Postpartum Depression is a non-psychotic depressive disorder of variable severity which occurs in the first year of childbirth. It develops in a small percentage of all postpartum women and although it may occur at any time during the first year postpartum, the greatest occurrence is often seen about in the 4th week, just prior to the return of menses, and upon weaning.
Who are at risk?
Risk factors include women having their first baby, women who have ambivalence about maintaining the pregnancy, history of depression or bipolar illness, previous postpartum depression, family history of psychiatric disorders, lack of social support, lack of stable relationship with parents or partner, dissatisfaction with self, certain drugs such as some contraceptives, depressed during pregnancy, recent adverse life events (bereavement).
How do you know you are affected?
Women experiencing postpartum depression may exhibit a few or most of the signs and symptoms listed below:
- Depressed mood – most mothers will complain of not feeling normal and experiencing mood changes.
- Sleep disturbance – a characteristic symptom. It is important that insomnia is not due to physical discomfort or a crying baby. The woman may complain of waking early or difficulty falling asleep when she tired.
- A feeling of being unable to cope. She feels guilty that other people are organized and she is not.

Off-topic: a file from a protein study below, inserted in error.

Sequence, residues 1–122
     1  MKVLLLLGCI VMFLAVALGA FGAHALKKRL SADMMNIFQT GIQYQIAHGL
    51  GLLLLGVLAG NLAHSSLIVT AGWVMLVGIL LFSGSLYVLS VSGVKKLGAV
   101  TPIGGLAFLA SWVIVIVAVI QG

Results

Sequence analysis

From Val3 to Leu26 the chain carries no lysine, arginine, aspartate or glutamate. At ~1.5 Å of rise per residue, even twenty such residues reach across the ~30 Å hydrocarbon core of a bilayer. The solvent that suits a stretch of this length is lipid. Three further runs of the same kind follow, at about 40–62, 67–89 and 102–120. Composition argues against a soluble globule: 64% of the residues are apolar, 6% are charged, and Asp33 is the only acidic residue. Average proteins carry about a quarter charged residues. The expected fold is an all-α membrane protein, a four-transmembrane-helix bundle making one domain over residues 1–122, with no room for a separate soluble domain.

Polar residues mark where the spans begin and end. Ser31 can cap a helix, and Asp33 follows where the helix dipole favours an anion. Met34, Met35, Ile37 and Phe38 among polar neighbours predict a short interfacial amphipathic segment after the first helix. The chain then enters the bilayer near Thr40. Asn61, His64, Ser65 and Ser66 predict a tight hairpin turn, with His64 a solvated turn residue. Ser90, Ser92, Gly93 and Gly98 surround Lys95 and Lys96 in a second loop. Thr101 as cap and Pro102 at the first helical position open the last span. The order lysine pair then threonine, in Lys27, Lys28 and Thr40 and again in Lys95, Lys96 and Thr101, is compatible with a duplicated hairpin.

- Thoughts of self-harm or of harming the baby. These are very serious symptoms to which serious consideration should be given especially if outwardly expressed by the mother.
- Rejection of the baby – the mother may express giving up the baby for adoption or having no feeling for the baby.
- Decreased sex drive
- Weight loss
- Fatigue and agitation
- Obsessive thoughts, suicidal ideas or attempts, appetite disturbance
The above sounds quite disturbing, but it is very real, so the best possible approach to this condition is prevention. Women in the high-risk group, together with their partner should receive special antenatal education about postpartum depression.
Topics should include risk factors, emotional and social support and early features of the condition; also changes in feelings that occur during pregnancy and the postpartum months. Eating a healthy diet, getting adequate sleep and home help is of utmost importance, therefore appropriate provisions must be put in place before the baby is born.
Hospitalization may be necessary especially if attempts at suicide have occurred. Upon release, the woman and family are referred to support groups in most cases. Continued surveillance is usually done because of the tendency of this disorder to be chronic.
Many doctors advise that reliable contraception should be used to prevent unplanned pregnancies as pregnancy can heighten emotional symptoms. Unfortunately, many women have recurrences.
I encourage you to give your support to anyone you know who is suffering from Postpartum Depression as it is currently affecting many women worldwide.
Read This Next: Understanding Motherhood: Postpartum Baby Blues